Validate Your Marketing with Google Trends
by Terri Eyden on
By Roy Keely, Xcentric
A silver bullet marketing idea is a farce. There is always more behind the scenes of any successful marketing campaign than a mere "idea." In addition, success of a campaign depends largely on your firm's makeup, goals, and demographics and cannot be reduced to one single initiative. It takes hitting on all cylinders to really make a difference from one year to the next.
A favorite marketing quote that I tend to come back to is "small hinges swing big doors." The small hinge in this example is speaking the language of your target market across all mediums. This includes websites, presentations, mail pieces, etc. It is not easy to drill down the language at large, but it is made easier given the technology tools, like Google Trends, that are now available at our fingertips.
Many of us marketers go off of our "gut" which can get us in trouble as many times as it can aid us. Google Trends allows us to test our gut with TONS of data (catchy term these days is "Big Data") that is free and readily available.
How to Use Google Trends
Example: You are starting a blog or a new section on your website whereby you hope to give advice to your personal tax clients. You plan to notify your clients via e-mail and mail regarding the blog/new section in order to get traction on the site quicker than by pure organic growth.
Question: What wording should you use to reflect the language used in the market at large? Would "tax advice" be better than "tax strategy" or "tax help"? What about "tax tips"?
Solution: Use Google Trends to learn how people pair the word "tax" with what they are searching for – advice, strategy, help, or tips. The Google Trends graph below shows the results.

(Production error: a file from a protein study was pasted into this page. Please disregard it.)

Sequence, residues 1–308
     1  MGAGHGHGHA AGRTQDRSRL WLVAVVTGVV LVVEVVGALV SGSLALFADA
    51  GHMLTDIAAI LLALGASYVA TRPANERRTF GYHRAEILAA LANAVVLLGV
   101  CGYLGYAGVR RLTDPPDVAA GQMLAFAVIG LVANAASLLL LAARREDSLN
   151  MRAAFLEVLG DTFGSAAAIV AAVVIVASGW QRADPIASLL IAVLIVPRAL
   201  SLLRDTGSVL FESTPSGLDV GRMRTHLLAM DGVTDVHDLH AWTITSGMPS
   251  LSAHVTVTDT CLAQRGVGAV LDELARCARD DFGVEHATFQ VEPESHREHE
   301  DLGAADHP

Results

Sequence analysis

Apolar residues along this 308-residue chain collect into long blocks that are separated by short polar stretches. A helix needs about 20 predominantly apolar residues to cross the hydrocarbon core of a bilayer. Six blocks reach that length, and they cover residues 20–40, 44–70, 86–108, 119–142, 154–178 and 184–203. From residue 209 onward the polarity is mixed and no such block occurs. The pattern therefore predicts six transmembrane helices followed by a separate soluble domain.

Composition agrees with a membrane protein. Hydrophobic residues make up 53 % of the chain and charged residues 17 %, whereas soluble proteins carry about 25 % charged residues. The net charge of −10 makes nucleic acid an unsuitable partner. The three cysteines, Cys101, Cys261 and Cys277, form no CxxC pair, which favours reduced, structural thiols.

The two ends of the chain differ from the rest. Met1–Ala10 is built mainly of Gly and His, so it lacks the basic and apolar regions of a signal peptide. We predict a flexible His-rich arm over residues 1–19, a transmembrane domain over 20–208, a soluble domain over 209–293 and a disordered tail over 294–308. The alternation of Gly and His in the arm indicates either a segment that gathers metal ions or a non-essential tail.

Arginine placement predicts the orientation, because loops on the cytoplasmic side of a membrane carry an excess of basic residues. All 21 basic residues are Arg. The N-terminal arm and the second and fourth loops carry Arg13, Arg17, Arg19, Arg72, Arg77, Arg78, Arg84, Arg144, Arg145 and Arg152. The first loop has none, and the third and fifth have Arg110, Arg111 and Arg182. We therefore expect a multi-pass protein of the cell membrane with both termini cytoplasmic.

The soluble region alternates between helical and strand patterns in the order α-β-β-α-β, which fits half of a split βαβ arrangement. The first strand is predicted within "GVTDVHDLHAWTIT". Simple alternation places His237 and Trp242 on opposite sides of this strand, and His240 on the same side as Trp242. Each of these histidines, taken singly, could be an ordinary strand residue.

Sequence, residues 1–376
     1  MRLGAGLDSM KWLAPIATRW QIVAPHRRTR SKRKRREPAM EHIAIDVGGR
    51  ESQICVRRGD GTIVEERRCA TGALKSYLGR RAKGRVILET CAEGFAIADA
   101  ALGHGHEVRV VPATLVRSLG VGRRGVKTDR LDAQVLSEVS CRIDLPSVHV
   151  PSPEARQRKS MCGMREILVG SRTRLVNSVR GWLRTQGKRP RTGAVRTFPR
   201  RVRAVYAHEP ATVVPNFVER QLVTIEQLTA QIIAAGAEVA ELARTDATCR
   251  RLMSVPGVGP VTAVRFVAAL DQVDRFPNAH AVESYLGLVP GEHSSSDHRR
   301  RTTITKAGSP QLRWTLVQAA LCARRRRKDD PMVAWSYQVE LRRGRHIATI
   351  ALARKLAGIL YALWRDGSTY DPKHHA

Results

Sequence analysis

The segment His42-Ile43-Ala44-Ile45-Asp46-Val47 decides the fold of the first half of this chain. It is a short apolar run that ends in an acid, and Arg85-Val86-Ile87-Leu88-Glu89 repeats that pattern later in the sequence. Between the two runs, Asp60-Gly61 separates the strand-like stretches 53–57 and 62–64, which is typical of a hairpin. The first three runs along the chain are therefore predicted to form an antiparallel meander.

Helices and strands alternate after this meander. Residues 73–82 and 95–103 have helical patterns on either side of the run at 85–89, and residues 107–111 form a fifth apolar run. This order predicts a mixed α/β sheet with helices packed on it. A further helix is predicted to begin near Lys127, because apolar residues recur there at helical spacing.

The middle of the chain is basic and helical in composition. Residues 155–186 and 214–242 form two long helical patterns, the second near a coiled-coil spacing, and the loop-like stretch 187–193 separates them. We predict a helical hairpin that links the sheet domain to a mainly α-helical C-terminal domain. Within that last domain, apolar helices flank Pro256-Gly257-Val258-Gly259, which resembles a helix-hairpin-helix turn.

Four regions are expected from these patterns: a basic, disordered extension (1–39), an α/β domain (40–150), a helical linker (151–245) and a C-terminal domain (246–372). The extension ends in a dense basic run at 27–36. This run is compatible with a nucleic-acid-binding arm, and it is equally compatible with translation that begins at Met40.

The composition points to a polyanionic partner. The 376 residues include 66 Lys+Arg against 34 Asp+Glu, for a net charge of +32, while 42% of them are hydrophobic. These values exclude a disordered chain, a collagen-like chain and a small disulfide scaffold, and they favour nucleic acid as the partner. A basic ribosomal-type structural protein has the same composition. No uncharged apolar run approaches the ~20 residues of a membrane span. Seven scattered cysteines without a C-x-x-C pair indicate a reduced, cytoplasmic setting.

Google Trends analysis tips:
- Make sure you narrow your search to where your client base is; for example, the United States. Otherwise, Google Trends will analyze the entire world wide web, which could skew your results. You can even narrow down to a region or state.
- Keep in mind that the Google Trends analysis is reflective of all searches, not necessarily your target market. This is more relevant of an exercise for a tax shop focused on individuals of all kinds versus the shop that goes after SEC audits. Either way, the results can provide you with helpful data.
Interpreting data: In the graph below, you can see that potential clientele want "help" more than "advice" or "strategy." You can then take that information and start using the word "help" across all mediums, versus some of the other terms in the graph, since it is striking more of a chord with the example audience.
"Related" and "rising" terms: The above graph demonstrates only a fraction of the value gained via Google Trends. The real gold is found in "related" and "rising" terms, which you can see on the interactive full report. In the lower right of the report, you will see a few terms as they relate to the master term, "tax," as well as things to have on your radar. The "rising" search terms are the types of things you should blog about because they are topics of rising interest.
About the author:
Roy Keely is the VP of Market Strategy at Xcentric and is charged with articulating Xcentric's value proposition to the accounting community. Roy offers a broad range of experience in marketing, sales, and consulting and is passionate about technology, productivity, and market strategy. He enjoys writing and speaking to professional service firms looking to bring practical insight and action to their firms and was recognized in The CPA Practice Advisor "40 Under 40″ for 2012. Roy graduated from the University of Houston with a degree in marketing. He can be reached at email@example.com or (678) 297-0066 ext. 525.
© 2012 Xcentric LLC
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